Wladyslaw Szpilman’s The Pianist: The Extraordinary Story of One Man’s Survival in Warsaw, 1939—45 was first published in Polish in 1946 and was originally entitled Death of a City. It did not enjoy a long shelf life, as Wolf Biermann explains in the epilogue, because
as the countries conquered by the Red Army gradually became more firmly caught in the stranglehold of their liberators, the nomenklatura of Eastern Europe in general were unable to tolerate such authentic eyewitness accounts as this book. They contained too many painful truths about the collaboration of defeated Russians, Poles, Ukrainians, Latvians and Jews with the German Nazis.
The Pianist would not be published again until fifty years after its original publication. In The Pianist, Szpilman shares how he managed to survive in the Warsaw Ghetto during the Second World War. It is now published with extracts of the German Captain Wilm Hosenfeld’s diary.
Before the war, Szpilman lives with his family and works for the Polish Radio as a pianist. He recalls how everyone knows war with Germany is coming. People wonder what will happen. Szpilman recalls that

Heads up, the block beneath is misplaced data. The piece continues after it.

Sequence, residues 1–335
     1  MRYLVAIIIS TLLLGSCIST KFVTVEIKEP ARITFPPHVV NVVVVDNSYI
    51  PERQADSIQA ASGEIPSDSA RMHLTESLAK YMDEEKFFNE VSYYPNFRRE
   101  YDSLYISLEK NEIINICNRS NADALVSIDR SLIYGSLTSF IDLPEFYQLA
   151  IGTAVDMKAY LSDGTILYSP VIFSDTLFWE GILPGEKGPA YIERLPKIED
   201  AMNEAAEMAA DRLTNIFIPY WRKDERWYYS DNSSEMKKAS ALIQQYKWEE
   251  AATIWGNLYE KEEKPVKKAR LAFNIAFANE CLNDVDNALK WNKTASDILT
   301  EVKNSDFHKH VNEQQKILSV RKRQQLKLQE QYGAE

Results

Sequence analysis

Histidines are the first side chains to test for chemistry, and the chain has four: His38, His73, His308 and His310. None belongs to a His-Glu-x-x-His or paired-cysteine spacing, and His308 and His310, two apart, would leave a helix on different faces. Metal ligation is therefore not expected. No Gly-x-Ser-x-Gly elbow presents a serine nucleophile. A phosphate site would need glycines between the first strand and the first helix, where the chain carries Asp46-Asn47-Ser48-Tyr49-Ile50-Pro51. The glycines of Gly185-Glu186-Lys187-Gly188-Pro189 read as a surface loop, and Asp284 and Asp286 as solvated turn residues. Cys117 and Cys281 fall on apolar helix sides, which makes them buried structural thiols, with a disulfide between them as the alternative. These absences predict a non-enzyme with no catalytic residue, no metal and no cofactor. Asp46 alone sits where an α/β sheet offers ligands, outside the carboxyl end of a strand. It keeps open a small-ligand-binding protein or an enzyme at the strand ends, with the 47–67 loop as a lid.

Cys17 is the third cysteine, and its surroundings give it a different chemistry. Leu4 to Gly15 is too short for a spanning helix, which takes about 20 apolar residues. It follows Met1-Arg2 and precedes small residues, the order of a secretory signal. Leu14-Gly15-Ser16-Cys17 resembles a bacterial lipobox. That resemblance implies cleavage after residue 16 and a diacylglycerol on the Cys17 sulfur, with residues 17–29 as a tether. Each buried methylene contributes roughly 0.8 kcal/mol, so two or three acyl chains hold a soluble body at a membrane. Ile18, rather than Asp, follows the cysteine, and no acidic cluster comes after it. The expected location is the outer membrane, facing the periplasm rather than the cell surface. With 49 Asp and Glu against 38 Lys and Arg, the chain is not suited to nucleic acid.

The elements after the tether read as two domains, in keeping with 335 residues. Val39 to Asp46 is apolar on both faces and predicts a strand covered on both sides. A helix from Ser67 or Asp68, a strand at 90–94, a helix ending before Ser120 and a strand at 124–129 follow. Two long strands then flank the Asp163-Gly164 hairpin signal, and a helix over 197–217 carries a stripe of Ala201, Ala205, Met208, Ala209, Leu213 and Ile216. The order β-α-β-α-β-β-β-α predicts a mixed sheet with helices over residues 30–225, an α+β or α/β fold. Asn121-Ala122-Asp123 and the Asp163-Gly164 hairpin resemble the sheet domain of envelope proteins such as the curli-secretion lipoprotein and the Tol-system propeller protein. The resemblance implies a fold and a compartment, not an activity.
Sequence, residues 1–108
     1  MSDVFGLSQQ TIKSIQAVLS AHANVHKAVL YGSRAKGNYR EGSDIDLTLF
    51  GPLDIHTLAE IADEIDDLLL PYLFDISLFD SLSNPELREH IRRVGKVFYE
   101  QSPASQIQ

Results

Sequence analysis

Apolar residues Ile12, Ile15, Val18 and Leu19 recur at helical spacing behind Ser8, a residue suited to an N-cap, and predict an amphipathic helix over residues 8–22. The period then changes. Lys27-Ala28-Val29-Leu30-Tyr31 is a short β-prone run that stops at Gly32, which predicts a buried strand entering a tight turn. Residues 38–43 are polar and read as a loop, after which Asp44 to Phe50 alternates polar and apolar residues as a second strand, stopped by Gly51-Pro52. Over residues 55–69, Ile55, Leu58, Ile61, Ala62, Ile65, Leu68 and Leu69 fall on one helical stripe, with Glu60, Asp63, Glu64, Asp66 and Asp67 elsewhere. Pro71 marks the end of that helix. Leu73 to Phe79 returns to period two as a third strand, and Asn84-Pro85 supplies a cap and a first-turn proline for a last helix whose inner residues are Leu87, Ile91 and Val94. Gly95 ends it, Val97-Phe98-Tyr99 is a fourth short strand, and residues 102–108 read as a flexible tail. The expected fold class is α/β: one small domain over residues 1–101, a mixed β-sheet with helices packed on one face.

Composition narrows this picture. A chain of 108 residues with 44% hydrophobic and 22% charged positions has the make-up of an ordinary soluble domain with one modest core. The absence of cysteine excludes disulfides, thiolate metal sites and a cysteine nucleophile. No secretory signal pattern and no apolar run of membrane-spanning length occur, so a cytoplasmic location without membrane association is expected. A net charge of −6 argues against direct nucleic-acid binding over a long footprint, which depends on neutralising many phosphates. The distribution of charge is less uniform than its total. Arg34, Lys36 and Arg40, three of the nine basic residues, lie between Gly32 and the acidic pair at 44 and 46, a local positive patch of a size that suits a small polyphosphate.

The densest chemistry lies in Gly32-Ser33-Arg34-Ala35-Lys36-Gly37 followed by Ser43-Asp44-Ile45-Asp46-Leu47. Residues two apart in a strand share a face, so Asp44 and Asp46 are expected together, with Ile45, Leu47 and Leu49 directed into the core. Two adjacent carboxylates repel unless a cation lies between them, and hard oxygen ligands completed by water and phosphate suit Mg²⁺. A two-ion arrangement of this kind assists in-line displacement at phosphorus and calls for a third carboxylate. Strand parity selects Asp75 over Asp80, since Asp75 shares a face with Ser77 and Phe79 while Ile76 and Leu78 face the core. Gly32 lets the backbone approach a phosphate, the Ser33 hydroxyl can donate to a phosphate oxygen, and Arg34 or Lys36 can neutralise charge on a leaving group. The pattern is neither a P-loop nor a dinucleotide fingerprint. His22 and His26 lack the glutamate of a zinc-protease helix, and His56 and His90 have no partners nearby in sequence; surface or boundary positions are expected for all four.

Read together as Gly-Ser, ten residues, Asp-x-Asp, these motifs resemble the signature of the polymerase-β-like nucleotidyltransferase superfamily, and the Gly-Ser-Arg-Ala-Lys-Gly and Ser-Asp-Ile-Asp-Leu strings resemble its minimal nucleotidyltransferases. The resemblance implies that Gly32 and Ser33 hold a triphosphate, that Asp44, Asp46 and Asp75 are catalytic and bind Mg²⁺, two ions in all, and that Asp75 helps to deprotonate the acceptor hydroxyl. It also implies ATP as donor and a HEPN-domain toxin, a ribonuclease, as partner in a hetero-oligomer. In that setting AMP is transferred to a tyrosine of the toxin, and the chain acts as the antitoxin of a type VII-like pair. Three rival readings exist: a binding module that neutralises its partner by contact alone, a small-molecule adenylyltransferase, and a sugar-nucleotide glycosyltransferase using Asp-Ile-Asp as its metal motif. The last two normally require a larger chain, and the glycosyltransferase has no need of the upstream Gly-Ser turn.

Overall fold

arguments were drawn from the experiences of the Great War, and there was a general feeling that the sole purpose of that conflict had been to show us how to conduct the present one better, and do it properly this time.
Many men leave to fight the Germans, but Szpilman and his family stay behind in the ghetto, thinking that “whatever happened, it was better to be together.” The Poles are defeated and the city begins to change. Shops are closed and garbage begins to pile up. Szpilman recalls the happiness his family feels when they hear on the radio that England has joined the war. The Germans might be victorious now, but people take heart in the hope that the Germans will be defeated quickly.
After Warsaw surrenders on the 27th of September 1939, the Germans take control of the city. Proclamations soon are posted that promise
the population peaceful working conditions and the care of the German state. There was a special section devoted to the Jews: they were guaranteed all their rights, the inviolability of their property, and that their lives would be absolutely secure.
The race raids...
(The entire section is 2091 words.)
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